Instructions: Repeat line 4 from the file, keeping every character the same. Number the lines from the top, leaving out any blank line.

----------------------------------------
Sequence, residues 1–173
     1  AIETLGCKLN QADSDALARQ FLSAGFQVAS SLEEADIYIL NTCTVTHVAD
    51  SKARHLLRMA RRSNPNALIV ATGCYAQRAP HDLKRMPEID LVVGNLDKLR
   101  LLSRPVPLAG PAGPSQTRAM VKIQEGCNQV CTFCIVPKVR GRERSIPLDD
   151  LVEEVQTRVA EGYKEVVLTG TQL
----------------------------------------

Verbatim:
   101  LLSRPVPLAG PAGPSQTRAM VKIQEGCNQV CTFCIVPKVR GRERSIPLDD